“I don’t know a lot about Northwood; I’m new here,” David Orphal said. “But every year I’ve taught I’ve gone to funerals for my students. Last year I went to three, all violence related.”
Orphal, a new social studies teacher at Northwood, is out of his comfort zone at his newest school. He finds himself more at home when teaching at inner city schools such as Skyline, where he taught in Oakland, Calif.
“Originally, I thought Northwood didn’t really need me,” Orphal said.“I’ve always worked in real high poverty, high needs areas, and that isn’t Northwood. Frankly, that was actually a strike against Northwood.”
Orphal explained that working in a school like Skyline created a certain dynamic to the task of teaching, a dynamic which most Chatham County teachers would not be able to relate to.
“Northwood is absolutely nothing like Skyline,” Orphal said. “Here, everybody’s got a laptop. At my last school we had 200 putty colored desktop computers for 2,000 kids.”
Orphal recalled a time when a girl, whom he called Janice, had been having issues throughout the day with outbursts of anger in various classes. These outbursts were related to fear, which Orphal explained is “not something you want to show” in a school like Skyline, because it “marks you as victim.”
In Orphal’s account, he went on to say that Janice had been in a verbal argument with another female student, but her aggressor had decided to take it to the next level and involve her older sister who said she would “come to the school and shoot Janice.” This sister had been convicted in the past and had a violent history, so the threat held legitimacy.
“‘Big Sister’ had been in and out of prison a couple of times, and had actually done drive-bys,” Orphal said. “This wasn’t like a kid saying ‘I’ll kill you’ with nothing behind it; this was the kind of kid where this threat was real. It wasn’t until later in the day that we were actually able to figure out what the problem was, get the two kids to sit down, get the issue all worked out and also get the one kid to call off her older sister. All this came out of name calling.”
Orphal said that the needs of his students at Skyline made him a more involved teacher.
“Teachers can’t be just teachers,” Orphal said. “We’ve got to be social workers, we’ve got to be first responders. So much goes on that gets in the way of kids learning.” The environment Orphal came from in Oakland was one of an un- predictable nature, and has affected him physically—Orphal was once shot in the hip.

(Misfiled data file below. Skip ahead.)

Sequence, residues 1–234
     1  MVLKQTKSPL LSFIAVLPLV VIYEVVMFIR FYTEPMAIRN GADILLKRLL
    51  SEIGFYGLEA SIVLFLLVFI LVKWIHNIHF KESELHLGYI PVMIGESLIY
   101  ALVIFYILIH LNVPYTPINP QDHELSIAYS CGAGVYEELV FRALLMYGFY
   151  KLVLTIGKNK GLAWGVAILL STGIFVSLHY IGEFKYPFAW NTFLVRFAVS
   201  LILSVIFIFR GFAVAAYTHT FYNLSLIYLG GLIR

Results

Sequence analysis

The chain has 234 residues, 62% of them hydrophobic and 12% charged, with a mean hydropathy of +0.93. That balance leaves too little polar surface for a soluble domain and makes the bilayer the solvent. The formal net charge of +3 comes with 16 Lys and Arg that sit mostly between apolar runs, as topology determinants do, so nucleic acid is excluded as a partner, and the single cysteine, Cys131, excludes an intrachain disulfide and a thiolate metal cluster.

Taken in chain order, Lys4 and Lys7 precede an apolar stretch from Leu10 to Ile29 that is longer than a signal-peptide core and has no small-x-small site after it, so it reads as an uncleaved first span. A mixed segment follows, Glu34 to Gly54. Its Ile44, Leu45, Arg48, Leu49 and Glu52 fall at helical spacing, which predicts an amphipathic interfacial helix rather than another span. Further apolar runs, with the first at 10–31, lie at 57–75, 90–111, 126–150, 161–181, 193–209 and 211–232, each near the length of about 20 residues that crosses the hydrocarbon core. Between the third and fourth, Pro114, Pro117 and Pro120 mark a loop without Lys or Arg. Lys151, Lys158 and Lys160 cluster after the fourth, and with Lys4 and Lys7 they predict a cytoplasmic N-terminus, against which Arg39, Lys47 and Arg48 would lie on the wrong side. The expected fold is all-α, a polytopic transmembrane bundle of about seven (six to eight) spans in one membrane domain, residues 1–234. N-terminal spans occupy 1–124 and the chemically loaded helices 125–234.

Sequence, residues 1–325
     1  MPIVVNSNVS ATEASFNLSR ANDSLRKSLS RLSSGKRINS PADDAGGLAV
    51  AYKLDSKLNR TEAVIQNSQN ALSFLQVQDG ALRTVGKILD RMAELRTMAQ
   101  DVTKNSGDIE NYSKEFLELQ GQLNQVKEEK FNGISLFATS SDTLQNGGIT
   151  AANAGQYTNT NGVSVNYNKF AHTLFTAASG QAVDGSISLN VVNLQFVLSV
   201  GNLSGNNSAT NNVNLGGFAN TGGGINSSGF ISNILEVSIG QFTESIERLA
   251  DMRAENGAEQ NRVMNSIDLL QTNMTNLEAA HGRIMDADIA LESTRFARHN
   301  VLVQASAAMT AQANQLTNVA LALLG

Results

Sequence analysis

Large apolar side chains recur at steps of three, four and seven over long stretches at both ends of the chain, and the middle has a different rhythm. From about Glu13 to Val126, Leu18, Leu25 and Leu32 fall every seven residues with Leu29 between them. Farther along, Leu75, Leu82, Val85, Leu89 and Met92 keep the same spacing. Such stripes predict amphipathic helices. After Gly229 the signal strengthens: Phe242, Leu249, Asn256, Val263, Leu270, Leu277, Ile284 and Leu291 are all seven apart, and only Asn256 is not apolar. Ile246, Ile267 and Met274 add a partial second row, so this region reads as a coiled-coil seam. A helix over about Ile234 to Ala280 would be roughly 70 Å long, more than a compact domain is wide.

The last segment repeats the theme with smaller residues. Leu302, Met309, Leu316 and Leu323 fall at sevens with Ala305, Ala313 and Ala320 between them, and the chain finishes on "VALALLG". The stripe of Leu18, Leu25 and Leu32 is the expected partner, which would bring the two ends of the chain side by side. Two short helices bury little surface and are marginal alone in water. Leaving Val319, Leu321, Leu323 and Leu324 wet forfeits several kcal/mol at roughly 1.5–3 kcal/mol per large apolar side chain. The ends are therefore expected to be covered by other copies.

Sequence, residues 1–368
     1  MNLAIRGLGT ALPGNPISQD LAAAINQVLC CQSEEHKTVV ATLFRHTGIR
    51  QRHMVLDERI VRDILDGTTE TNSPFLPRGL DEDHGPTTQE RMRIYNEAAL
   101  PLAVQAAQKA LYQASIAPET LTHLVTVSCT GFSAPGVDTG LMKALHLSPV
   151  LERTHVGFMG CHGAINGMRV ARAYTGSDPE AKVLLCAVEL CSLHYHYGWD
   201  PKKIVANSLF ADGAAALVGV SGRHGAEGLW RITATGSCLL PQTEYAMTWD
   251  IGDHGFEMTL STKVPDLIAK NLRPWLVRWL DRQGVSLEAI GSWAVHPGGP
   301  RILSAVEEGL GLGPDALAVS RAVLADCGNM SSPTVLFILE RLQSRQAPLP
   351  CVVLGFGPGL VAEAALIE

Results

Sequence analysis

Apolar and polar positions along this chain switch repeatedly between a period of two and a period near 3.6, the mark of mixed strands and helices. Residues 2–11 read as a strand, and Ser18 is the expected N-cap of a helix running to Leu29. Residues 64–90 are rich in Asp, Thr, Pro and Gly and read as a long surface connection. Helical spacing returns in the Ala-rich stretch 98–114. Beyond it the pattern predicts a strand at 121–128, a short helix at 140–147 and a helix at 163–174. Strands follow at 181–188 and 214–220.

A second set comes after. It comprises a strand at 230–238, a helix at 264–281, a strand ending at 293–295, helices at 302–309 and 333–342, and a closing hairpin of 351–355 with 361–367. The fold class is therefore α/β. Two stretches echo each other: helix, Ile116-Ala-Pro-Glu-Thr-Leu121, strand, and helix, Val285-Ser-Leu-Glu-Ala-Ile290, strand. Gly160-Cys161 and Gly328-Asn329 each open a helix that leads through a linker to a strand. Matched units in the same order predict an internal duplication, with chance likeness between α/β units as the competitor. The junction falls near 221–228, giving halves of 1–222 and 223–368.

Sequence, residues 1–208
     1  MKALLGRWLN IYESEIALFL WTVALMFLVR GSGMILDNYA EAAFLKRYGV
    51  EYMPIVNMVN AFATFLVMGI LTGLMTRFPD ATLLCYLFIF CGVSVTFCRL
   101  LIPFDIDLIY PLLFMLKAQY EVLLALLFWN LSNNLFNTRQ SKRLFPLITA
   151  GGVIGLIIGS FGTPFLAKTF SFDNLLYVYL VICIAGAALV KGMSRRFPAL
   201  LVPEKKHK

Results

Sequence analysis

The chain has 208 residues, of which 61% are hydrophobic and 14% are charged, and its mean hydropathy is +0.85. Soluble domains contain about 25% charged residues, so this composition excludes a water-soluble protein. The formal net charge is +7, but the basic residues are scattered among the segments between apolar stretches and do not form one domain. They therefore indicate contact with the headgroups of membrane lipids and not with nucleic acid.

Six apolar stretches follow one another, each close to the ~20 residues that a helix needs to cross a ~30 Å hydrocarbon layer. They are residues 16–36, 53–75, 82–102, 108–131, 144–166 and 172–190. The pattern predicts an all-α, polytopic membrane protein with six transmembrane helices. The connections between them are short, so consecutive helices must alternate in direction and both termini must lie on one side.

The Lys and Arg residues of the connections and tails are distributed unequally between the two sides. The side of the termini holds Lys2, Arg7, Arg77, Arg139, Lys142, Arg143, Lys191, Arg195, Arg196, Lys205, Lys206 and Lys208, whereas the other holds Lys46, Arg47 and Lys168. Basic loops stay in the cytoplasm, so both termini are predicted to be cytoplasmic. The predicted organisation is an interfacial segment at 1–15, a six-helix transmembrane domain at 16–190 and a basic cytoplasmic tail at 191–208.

“I don’t want to dive too deep into that because there are going to be kids on campus that think somehow that’s cool, and it’s not,” Orphal said. “Violence in the inner-cities isn’t cool, it’s ugly; I wasn’t cool when it hap- pened. I was crying. I wish my mom had been there; I had pissed myself. There’s nothing cool about that.”
Despite Orphal’s previous experiences as a teacher, he is optimistic about his first year teaching at Northwood.
“I feel like I’ve got my first shot at making it through a whole year without going to a funeral,” Orphal said.
Teaching in the inner city is not Orphal’s defining affair. After recently packing up and moving across the country, he plans to use his broad life experience to start fresh in Pittsboro, where he’ll be closer to the people that matter most.
“Part of it’s getting closer to Grandma and Grandpa [who live in Florida], and part of it is I’m falling in love,” Orphal said.
Orphal explained how having adopted what one might dub a “yes-man” personality has gotten him involved in numerous organizations and groups.
“I was working at a continuation high school and I had an opportu- nity to get my master’s and I said yes,” Orphal said. “While [I was] working on my master’s degree, the board said ‘Are you willing to be a part time professor for these class- es?’ and I’m like, ‘okay.’ When that had passed, the local teachers’ union said they needed someone to be the grievance chair so again I said ‘okay’ and spent a year doing that. I just kept saying yes.”
Orphal credited his variety of life experience to this open-minded, “yes-man” personality.
“Just sort of saying yes when an opportunity comes my way and going ahead and jumping in and doing the work has led to some really magical experiences,” Orphal said.
Despite interest and participation in secondary involvements, Orphal has kept teaching students and staying in the classroom his priority.
“I got offered jobs with text- book companies, sales, education-related software companies, all things that would have paid tens of thousands of dollars more than teaching,” Orphal said. “I said no every time. I don’t want to work and not see kids lighten up inside.”
Orphal explained he has further reason to say no to alternative jobs and the higher income they may bring.
“I am a religious man,” Orphal said, “and I do believe that God has called me to serve kids directly.”
– By John Dunning